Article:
“Lance is the lowest of the buy-lows, unrostered in some leagues, forgotten bench fodder in others. Get him while you can, before he inevitably replaces Jimmy Garoppolo as the 49ers’ starting QB. Lance is going to do exactly what Jalen Hurts is doing right now: provide QB1 value while not always looking like an NFL-caliber passer. Such is the power of Konami Code quarterbacks, who consistently enhance their fantasy value with their rushing output. If you’re still looking for a permanent answer at QB, contact the Trey Lance investor in your league and trade him some mildly intriguing bench piece like Amon-Ra St. Brown or Kenyan Drake.”
– Pat Fitzmaurice (FantasyPros)

Q2. Who is your favorite sell-high candidate at this point in the season and why? Also, who would you try to get in return?

DeAndre Hopkins (WR – ARI) 
“We should be able to count on Hopkins for continued production, right? Maybe even more than his current WR13 level? But Hopkins sits just 29th among WRs in targets. He’s leading Arizona in that category, but garnering just 21.1% target share and has yet to reach 10 looks in a game. At WR13 in PPR, he’s actually outscoring his usage. We have Hopkins at WR29 in expected fantasy points per game. I’d move him straight up for Stefon Diggs or target packages centered on Calvin Ridley or Keenan Allen, each of whom look bound for positive regression in their fantasy production. Let’s hope this week’s hamstring injury doesn’t derail the whole thing.”
– Matt Schauf (Draft Sharks)

DeAndre Hopkins has kind of morphed into a touchdown-depend wide receiver, sort of akin to how we have viewed Adam Thielen in the past, right? 35% of his fantasy points come from touchdowns, he’s on pace for just 114 targets (in 17 games, remember), he’s yet to surpass 87 yards receiving, and he’s been below 56 yards receiving in four of seven games. He’s been missing practice frequently which might indicate that he’s continuing to battle an injury, so if fantasy managers are still valuing him as a strong WR1, I’m more than willing to swap him out for someone like Terry McLaurin, Deebo Samuel, or Justin Jefferson.”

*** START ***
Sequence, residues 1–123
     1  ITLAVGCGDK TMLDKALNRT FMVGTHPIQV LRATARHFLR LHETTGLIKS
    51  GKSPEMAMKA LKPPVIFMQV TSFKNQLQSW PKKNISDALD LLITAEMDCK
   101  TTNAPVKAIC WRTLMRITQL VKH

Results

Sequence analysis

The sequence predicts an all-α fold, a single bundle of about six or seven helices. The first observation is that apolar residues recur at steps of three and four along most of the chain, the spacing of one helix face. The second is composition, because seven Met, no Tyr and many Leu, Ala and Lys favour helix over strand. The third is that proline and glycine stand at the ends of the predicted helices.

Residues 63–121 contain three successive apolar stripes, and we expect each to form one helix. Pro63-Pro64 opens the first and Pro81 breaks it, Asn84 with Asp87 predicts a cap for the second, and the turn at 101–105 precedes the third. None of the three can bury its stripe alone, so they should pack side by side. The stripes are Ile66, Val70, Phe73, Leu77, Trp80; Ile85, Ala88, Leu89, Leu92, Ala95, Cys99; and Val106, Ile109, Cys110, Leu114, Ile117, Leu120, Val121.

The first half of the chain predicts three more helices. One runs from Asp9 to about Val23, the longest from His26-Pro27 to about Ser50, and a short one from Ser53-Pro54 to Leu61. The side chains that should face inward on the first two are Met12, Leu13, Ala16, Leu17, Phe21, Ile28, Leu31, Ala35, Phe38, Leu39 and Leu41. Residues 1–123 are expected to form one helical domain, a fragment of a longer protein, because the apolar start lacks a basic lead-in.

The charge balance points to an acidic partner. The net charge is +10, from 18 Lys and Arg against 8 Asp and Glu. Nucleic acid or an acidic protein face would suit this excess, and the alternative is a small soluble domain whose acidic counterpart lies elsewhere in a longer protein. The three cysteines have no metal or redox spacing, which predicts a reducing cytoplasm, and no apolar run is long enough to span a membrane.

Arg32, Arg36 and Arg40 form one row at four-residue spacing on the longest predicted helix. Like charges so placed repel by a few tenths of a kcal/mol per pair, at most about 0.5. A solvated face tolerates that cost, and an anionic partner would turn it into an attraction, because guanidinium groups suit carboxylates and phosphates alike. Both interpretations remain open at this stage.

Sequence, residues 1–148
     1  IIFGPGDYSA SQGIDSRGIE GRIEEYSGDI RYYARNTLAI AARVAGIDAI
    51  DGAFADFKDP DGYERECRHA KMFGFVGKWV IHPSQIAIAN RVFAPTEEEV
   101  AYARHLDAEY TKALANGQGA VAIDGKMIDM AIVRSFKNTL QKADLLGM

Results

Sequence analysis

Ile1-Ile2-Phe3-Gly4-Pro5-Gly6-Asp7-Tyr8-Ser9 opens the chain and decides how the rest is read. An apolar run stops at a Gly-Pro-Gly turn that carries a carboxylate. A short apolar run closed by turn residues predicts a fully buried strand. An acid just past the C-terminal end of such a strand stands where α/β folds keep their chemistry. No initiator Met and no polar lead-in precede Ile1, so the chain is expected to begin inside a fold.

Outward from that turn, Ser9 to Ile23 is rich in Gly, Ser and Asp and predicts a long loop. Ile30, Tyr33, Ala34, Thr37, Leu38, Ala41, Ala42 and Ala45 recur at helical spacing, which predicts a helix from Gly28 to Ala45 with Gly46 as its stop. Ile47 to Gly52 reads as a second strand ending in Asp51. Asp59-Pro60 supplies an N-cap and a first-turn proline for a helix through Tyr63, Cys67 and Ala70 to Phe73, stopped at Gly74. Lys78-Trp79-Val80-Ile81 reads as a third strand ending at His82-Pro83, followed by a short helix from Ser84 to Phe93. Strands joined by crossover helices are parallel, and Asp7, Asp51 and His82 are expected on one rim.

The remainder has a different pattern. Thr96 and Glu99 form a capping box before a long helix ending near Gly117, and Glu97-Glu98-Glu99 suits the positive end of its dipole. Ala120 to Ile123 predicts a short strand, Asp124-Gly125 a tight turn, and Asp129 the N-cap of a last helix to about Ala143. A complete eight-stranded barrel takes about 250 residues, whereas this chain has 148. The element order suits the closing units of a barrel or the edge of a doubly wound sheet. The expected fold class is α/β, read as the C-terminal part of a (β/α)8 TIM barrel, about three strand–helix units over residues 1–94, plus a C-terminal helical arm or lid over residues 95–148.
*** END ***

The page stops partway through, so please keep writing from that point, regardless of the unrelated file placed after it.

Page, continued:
– Dan Harris (FantasyPros)

Jakobi Meyers (WR – NE) 
“The Jakobi Meyers experience isn’t the pleasure cruise some people have made it out to be. He piles up cheap bonus points for receptions in PPR leagues, but there’s no ‘there’ there — no touchdowns, no splash plays, no significant value above and beyond the replacement-level guys you can find on waivers each week. Meyers is on a 100-catch pace, but he’s also on pace for just 947 yards in a 17-game season, and he couldn’t find the end zone if you gave him a roadmap and a compass. He’s averaging 9.5 yards per catch and 6.6 yards per target. Woof. Trade Meyers for Miles Sanders, whose ankle injury isn’t serious as first believed, or a committee back like Zack Moss or Melvin Gordon.”
– Pat Fitzmaurice (FantasyPros)

Marquise Brown (WR – BAL) 
“Brown is what he has been in his short NFL career: touchdown-dependent. In the games that he has scored a touchdown, Brown is averaging over 23 PPR points per game. If he does not score a touchdown, then he is not even averaging eight PPR points per game. The schedule gets much harder with tough matchups the last eight weeks of the season. I would look to get one of the higher ADP receivers that has disappointed like A.J. Brown, Calvin Ridley, Robert Woods, or Keenan Allen.”
– Michael Tomlin (Fantasy Six Pack)

Elijah Mitchell (RB – SF) 
“Mitchell has emerged this year to become San Francisco’s starting RB, but for one reason or another, there seems to be quite a bit of turnover in that backfield through the past few years. He has missed three games already with injury. His value is buoyed by two big games (100 plus yards and a touchdown in each) and some dynasty-darling hype coming out of college. With JaMycal Hasty also returning from injury, Mitchell loses third-down duties and all of his limited targets. Jeff Wilson is also expected to return at some point and is a Shanahan favorite. The 49ers’ next three games are pretty tough matchups for running backs so cash in on the value now! I would be targeting RBs like Javonte Williams, Zack Moss, or Michael Carter instead. Honorable mention sell – David Montgomery.”
– Kevin Wheeler (The Draft Zone)

Myles Gaskin (RB – MIA) 
“Gaskin’s fantasy football production has been a yo-yo this season. He’s finished each good game with a bad performance and followed it right back up with a big outing, which is infuriating for fantasy players. He’s coming off a blowup performance in Week 7, so this is the chance to ship him off for as high a cost as you can get and save yourself the headache. It’s really as simple as that. I’d be looking to target someone with a more guaranteed workload like Michael Carter potentially.”
– Kyle Yates (FantasyPros)


Thank you to the experts for naming their trade candidates. Be sure to give them a follow on Twitter if you’re not already doing so and check out our latest podcast below for more great advice.